Vermeer is a strong advocate of sell side research and utilises a wide range of industry contacts to get access to the best research on the street. Drawing on James’s long career on the sell side, we see significant value in sell side research and work closely with analysts on stock selection, helping find new ideas in areas of investment we think are attractive combined with our own analysis. Brokers that we use are listed below but we have coverage ranging from expertise in India and Asia to mid-cap European names and mid-cap US companies.

Whilst we usually use sell side models as a basis for our financial modelling, where necessary we undertake our own bespoke work, especially where we believe there is considerable scope for positive or negative earnings surprises.

Research costs are covered by the business and are not charged to investors.

Engagement with companies and management teams is an important part of our investment process. We aim to meet regularly with the companies held within the portfolio, either directly, at conferences or as part of group meetings and as mentioned earlier, we use conferences as an opportunity to meet with as many companies as possible. This provides a valuable source of information as to the thinking of other firms whilst also sometimes creating new potential investment ideas.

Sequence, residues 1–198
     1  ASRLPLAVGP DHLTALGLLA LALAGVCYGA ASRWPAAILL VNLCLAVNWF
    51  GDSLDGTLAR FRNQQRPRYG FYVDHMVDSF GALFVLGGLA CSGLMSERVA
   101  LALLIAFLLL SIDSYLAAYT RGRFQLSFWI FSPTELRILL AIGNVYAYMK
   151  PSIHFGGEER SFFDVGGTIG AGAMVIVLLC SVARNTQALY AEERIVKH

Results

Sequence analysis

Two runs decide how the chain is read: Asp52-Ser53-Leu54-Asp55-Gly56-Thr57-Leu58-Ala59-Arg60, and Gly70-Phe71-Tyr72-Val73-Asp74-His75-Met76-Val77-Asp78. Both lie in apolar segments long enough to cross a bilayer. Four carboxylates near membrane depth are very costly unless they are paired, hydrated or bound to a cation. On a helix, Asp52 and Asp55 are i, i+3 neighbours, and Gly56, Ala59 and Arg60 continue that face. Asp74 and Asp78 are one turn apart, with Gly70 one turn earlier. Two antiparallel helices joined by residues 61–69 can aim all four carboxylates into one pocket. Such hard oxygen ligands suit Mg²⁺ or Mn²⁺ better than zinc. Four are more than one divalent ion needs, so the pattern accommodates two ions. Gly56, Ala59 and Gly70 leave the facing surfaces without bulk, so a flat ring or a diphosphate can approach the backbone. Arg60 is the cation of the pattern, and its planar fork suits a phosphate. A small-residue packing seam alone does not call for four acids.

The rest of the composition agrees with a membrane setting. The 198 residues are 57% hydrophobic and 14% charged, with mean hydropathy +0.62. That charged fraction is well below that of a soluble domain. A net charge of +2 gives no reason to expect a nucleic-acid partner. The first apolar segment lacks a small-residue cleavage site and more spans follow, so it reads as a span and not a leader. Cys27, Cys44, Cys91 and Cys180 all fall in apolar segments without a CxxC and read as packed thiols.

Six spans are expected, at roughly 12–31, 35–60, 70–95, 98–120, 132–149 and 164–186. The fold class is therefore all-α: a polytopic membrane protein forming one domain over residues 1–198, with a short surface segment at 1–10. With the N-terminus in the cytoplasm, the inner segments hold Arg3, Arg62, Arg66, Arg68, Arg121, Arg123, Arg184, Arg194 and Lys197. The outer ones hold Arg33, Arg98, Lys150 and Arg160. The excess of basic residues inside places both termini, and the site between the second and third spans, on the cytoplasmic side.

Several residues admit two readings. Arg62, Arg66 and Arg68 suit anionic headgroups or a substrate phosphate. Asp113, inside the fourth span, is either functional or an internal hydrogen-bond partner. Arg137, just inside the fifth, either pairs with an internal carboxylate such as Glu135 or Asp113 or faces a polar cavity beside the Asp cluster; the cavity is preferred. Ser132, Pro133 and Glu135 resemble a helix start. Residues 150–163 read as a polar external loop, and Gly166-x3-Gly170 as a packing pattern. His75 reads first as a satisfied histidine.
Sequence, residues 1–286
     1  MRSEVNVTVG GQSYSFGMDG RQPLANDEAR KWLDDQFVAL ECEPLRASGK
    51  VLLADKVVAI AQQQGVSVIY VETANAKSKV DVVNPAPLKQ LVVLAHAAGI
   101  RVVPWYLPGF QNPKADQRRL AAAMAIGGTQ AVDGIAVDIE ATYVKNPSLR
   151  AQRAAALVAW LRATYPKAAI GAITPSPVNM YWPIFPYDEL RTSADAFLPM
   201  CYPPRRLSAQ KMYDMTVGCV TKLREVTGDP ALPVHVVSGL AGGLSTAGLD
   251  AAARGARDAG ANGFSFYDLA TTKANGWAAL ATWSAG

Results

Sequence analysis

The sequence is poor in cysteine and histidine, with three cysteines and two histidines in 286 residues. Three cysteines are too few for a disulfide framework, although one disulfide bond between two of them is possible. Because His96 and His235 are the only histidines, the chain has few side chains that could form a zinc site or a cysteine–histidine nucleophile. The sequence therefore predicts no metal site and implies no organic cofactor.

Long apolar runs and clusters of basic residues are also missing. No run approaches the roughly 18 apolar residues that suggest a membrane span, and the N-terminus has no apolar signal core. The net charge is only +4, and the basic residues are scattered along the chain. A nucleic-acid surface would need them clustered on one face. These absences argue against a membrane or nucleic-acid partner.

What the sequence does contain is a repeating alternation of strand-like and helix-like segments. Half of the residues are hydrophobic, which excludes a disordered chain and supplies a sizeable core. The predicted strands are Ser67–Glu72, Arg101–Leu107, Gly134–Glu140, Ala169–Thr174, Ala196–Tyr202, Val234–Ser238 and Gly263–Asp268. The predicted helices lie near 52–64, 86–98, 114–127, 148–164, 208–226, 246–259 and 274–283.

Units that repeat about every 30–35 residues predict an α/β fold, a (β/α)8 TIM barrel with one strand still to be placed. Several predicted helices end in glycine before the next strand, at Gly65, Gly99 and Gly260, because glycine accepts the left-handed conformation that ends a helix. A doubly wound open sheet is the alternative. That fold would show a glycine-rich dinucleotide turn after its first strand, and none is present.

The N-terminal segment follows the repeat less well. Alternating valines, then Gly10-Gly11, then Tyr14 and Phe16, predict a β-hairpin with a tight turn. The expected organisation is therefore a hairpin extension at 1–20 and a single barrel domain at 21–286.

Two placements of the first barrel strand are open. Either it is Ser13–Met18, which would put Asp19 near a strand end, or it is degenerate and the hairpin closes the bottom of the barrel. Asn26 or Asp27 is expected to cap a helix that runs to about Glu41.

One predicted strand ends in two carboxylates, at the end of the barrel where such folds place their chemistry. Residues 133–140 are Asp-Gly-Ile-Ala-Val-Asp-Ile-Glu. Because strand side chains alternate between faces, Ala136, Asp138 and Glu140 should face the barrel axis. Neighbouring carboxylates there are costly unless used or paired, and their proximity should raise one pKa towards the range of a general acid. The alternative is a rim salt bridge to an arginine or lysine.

As mentioned earlier, since launch the Vermeer Global Fund owns between 50 and 60 positions, with 60 the hard limit of total portfolio positions that can be owned in the Fund.

Alongside this, we have a watchlist and we monitor these positions as if we own them by meeting companies and management at conferences and monitoring quarterly results. The hard limit of 60 names within the portfolio creates competition for capital and where we feel a position on the watchlist now reflects a better investment opportunity than one of the holdings in the Fund, we will initiate a new position. As an example, Walt Disney was on our watchlist for over two years before we initiated a position in the company.